Congressional Black Caucus’ Moment of the Week

Congressional Black Caucus’ Moment of the Week

If you missed this on Monday, know that the CBC isn't here for the police killing of unarmed Black people

Congressional Black Caucus’ Moment of the Week

Following in the footsteps of the five members of the St. Louis Rams, who gave the “Hands Up, Don’t Shoot” gesture before a game last Sunday night, four members of the Congressional Black Caucus followed suit late Monday night, raising their hands in solidarity on the floor of Congress. The now universal gesture, given by Representatives Hakeem Jeffries (D-NY), Yvette Clarke (D-NY), Sheila Jackson Lee (D-TX) and Al Green (D-TX), was meant to protest the Ferguson, Missouri Grand Jury’s decision not to indict former police officer Darren Wilson over the murder of Michael Brown and to condemn police brutality nationwide.

Here are five key moments from the Congressional demonstration:



1. Representative Green praised the St. Louis Rams’ players, who were not penalized for their actions despite the St. Louis police demanding an apology. “I saw this clip where the Rams players came into the arena – ‘Hands up, don’t shoot’ … This has become the new symbol, a new statement. I want to make sure that those who participated on the Rams team, that their names are chronicled in history… I want Kenny Britt to be recognized, Tavon Austin to be recognized, Stedman Bailey to be recognized, Jared Cook, Chris Givens, and Tre Mason,” he said.

2. Rep. Marcia Fudge (D-OH), chairwoman of the caucus, called America’s handling of police brutality cases like Brown’s as well as its overall record on race relations an “embarrassment.” “The Ferguson Grand Jury’s decision not to indict former officer Darren Wilson was yet another slap in our face,” says Fudge. “It was a painful reminder that just like with Trayvon Martin and Tamir Rice and so many others, that law enforcement officers kill our Black and Brown men and boys without repercussions. While some may see the Grand Jury’s decision as the system working as it should, others witnessed what we believe was a blatant miscarriage of justice. Where was the closure for Michael Brown’s parents? Where is the understanding for the outrage and desperation of the Black community? The fact that our country, the greatest country in the world, remains mired in race relation issues in the year 2014 is an embarrassment.”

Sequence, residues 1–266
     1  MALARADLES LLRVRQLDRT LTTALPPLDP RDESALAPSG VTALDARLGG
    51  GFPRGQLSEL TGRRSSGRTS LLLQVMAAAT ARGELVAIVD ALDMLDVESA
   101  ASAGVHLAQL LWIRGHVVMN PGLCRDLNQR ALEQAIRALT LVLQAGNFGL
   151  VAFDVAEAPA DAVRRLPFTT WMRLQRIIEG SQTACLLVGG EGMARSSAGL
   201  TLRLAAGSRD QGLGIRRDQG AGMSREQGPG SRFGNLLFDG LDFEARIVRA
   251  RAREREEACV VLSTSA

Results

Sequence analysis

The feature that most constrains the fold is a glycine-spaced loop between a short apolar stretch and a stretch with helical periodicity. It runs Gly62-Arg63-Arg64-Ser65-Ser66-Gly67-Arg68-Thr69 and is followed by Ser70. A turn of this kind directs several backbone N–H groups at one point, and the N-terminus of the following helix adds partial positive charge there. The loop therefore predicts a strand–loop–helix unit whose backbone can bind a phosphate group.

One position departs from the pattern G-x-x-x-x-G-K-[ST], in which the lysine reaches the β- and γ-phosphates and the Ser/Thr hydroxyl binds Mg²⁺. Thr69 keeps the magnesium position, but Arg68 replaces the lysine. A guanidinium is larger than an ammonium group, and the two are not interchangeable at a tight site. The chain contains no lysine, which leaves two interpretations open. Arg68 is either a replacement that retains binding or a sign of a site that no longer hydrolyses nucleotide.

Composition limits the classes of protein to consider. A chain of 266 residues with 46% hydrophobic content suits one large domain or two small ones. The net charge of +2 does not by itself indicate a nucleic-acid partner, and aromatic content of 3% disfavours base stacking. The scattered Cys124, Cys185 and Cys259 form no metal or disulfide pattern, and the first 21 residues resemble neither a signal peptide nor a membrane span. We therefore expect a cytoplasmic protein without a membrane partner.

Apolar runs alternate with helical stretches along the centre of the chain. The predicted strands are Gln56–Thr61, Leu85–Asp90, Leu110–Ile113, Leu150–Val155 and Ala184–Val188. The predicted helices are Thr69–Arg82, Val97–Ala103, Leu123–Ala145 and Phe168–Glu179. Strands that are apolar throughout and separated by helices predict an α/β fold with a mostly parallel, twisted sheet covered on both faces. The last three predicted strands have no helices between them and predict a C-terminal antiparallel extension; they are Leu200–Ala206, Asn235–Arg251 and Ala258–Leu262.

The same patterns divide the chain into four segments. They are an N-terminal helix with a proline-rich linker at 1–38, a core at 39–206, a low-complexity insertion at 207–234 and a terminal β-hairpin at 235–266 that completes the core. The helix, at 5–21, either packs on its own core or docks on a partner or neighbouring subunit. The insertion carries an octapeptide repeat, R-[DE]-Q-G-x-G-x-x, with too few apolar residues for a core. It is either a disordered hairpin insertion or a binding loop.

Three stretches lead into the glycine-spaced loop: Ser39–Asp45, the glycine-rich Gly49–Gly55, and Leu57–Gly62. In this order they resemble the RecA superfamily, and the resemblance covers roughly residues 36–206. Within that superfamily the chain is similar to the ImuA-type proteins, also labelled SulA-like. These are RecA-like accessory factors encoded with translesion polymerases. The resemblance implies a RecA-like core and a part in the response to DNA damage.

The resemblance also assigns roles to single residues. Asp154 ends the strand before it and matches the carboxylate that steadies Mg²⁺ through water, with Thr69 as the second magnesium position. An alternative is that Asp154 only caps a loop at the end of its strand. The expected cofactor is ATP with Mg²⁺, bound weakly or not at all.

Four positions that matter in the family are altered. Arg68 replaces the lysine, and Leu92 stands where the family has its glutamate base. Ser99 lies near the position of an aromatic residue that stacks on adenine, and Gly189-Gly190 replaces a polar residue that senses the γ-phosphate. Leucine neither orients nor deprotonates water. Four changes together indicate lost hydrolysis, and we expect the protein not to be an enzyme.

3. Representative Jeffries vowed that the CBC would hold Congress accountable for its record on policies relating to police violence. “People are fed up all across America because of the injustice involved in continuing to see young, unarmed, African American men killed as a result of a young shot fired by a law enforcement officer,” exclaimed Jeffries. “People in America are fed up when a broken criminal justice system that continues to fail to deliver accountability when law enforcement officers engage in the excessive use of police force. People are fed up with prosecutors who don’t take seriously their obligation to deliver justice on behalf of the victims of police violence,” he continued. “Instead, as we recently saw down in Ferguson, Missouri, choose to act as the defense attorney for the law enforcement officer who pulled the trigger and killed Michael Brown. People are fed up. Now this is a problem that Congress can’t run away from, and the CBC stands here today to make sure that Congress runs towards the problem. That we come up with constructive solutions to breaking this cycle, this epidemic, this scourge of police violence all across America.”

4. Rep. Charlie Rangel (D-NY) said he loves the U.S. and he wants to see racism eradicated – but first there must be an acknowledgement of America’s “cancer.” “This is such a great country, and I love it so much,” he said. “I was raised in the shadow of the statue of liberty and when I graduated from law school having been the only one in my family to go to college I think my mother said thank you Jesus and I said something like thanks for the Constitution and thanks for being born in America. Like anything else you love, if there’s an illness, if there’s a problem, you would want to know what can you do to cure it,” said Rangel. “How can we say that we have a cancer until we recognize that we do, then we don't really love the country? How can we be able to say that white and black in this country are equal and that those who work hard and live by the rules have the same opportunities as each other, when we know that we have this cancer?"

5. Rangel also made a case for the United States issuing reparations beyond just a monetary sum. “Some people may talk about payment for restitution for past crimes committed against human beings but that restitution could be the ability to say that we're going to make certain that people of color in this country would be able to have access to the same type of education, live where they want to live, compete against anybody for the job, and not feeling that they're inferior because people have been taught that just because they have a different complexion that they are superior."

 





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